Bone grafting is a periodontal surgical procedure that is used to supplement jaw bone that has atrophied due to disease or trauma, or in areas where there is naturally less jaw bone. The procedure is most often used prior to a dental implant procedure to supplement the existing bone so the implant post can be properly supported and can sustain the pressures of biting and chewing.
Jaw bone atrophy most commonly occurs following tooth loss. In a healthy jaw, old bone tissue is constantly being replaced by new tissue in a continual cycle that supports healthy teeth. This cycle is dependent upon stimulation from the tooth roots. When a tooth is lost, there is no root to provide stimulation, and the bone replacement cycle stops. That means when old bone cells die, they are not replaced. Over time, the jaw bone in the area of the lost tooth becomes thinner. This atrophy can wind up weakening bone surrounding the roots of neighboring teeth, eventually resulting in additional tooth loss and further bone atrophy. Bone atrophy can also occur when an infection around the tooth root is not properly treated.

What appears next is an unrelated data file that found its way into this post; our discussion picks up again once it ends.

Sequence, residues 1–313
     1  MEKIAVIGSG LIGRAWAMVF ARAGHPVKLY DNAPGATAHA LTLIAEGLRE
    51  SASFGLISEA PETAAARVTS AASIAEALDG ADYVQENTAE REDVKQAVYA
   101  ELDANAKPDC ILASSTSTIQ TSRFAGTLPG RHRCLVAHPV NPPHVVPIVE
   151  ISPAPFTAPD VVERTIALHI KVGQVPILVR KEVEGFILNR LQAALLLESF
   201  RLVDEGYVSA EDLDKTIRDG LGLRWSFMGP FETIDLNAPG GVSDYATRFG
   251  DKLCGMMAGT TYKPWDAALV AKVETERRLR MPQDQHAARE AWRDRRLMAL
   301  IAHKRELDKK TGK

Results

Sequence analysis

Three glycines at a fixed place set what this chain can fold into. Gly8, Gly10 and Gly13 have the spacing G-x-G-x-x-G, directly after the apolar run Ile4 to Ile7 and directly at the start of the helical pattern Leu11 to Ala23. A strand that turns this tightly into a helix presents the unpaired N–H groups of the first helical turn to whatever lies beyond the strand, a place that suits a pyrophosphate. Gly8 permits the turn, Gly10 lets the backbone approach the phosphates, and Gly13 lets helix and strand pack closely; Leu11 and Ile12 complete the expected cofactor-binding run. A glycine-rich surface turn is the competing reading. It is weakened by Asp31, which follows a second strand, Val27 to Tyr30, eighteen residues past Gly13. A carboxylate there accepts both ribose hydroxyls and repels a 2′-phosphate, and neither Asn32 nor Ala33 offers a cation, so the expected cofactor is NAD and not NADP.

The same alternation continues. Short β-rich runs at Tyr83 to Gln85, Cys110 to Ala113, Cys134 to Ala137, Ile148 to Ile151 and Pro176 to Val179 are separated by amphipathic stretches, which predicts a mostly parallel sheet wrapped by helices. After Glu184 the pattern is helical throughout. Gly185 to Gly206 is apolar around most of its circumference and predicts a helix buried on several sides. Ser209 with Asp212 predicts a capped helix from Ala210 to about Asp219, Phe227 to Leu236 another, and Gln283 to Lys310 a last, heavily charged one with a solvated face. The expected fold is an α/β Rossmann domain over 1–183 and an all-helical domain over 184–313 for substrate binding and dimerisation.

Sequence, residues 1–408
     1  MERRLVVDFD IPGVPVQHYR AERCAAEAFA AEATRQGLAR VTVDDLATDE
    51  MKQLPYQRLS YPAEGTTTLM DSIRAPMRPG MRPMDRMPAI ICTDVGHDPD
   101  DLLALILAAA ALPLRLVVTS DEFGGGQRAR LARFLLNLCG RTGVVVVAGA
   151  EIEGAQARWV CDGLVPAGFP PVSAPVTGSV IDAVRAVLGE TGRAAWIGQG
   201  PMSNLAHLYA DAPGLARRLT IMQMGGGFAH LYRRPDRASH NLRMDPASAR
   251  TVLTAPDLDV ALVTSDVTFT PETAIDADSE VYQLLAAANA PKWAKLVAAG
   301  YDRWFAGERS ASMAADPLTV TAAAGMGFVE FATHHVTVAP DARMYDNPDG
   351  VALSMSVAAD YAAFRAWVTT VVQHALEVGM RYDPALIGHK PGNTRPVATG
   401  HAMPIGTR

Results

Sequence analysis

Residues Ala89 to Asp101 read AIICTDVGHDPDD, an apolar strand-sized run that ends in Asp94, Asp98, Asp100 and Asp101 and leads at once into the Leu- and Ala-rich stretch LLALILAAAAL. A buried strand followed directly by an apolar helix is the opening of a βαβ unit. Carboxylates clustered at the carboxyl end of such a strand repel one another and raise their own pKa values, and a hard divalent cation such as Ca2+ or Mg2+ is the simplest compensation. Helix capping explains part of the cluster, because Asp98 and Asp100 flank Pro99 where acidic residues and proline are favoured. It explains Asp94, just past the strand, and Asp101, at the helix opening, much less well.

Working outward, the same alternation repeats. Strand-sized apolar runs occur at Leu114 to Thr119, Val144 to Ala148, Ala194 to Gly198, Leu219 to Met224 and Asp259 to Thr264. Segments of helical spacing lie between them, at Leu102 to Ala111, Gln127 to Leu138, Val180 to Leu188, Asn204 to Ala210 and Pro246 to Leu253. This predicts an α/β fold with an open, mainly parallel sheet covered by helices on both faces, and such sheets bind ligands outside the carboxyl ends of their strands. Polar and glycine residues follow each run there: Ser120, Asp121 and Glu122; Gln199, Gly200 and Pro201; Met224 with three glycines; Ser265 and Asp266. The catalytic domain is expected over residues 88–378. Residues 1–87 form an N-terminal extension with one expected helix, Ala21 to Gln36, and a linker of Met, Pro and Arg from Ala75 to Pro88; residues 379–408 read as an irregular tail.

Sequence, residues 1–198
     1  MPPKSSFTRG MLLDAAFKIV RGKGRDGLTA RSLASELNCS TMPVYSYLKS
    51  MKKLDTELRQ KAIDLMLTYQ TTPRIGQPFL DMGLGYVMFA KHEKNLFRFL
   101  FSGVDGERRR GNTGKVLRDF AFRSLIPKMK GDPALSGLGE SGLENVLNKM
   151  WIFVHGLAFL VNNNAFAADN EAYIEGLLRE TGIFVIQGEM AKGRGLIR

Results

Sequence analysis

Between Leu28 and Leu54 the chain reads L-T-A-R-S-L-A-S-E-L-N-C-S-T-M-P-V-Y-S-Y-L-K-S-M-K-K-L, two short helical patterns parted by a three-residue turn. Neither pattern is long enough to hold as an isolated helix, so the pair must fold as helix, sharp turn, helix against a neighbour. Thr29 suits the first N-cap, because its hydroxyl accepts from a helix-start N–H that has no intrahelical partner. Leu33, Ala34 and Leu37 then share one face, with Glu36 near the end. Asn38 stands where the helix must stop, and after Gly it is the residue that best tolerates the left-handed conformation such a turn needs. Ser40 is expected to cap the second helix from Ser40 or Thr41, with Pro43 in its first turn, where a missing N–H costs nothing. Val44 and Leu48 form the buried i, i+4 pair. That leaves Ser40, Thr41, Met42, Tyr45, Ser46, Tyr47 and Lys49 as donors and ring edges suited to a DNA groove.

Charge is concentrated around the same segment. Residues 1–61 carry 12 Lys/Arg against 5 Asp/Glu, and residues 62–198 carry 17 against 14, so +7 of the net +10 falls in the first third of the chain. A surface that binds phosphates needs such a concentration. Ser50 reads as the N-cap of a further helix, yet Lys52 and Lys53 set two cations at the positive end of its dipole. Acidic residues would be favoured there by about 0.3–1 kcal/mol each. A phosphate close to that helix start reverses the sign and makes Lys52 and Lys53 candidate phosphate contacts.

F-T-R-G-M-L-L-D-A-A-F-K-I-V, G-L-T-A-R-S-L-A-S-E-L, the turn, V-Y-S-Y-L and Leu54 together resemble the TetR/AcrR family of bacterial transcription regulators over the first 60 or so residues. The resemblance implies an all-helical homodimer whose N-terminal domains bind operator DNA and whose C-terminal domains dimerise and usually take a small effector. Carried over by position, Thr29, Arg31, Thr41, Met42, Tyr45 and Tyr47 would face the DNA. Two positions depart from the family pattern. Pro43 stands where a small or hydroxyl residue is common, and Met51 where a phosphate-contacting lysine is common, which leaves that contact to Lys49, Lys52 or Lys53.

Bone grafting usually uses bone tissue harvested from the patient, typically from the palate or elsewhere in the mouth, but it can also use processed bone tissue from a tissue bank. During the procedure, an incision is made in the gum tissue over the treatment site and the bone graft is placed in contact with the existing bone so it can fuse with the bone over time. The existing jaw bone may need to be prepared prior to graft placement. When a graft is being used to support an implant, the grafting procedure often may be performed when the post is implanted. Once the procedure is complete, sutures are used to close the incision. Over-the-counter pain medication may be used to treat any discomfort you may experience afterward.
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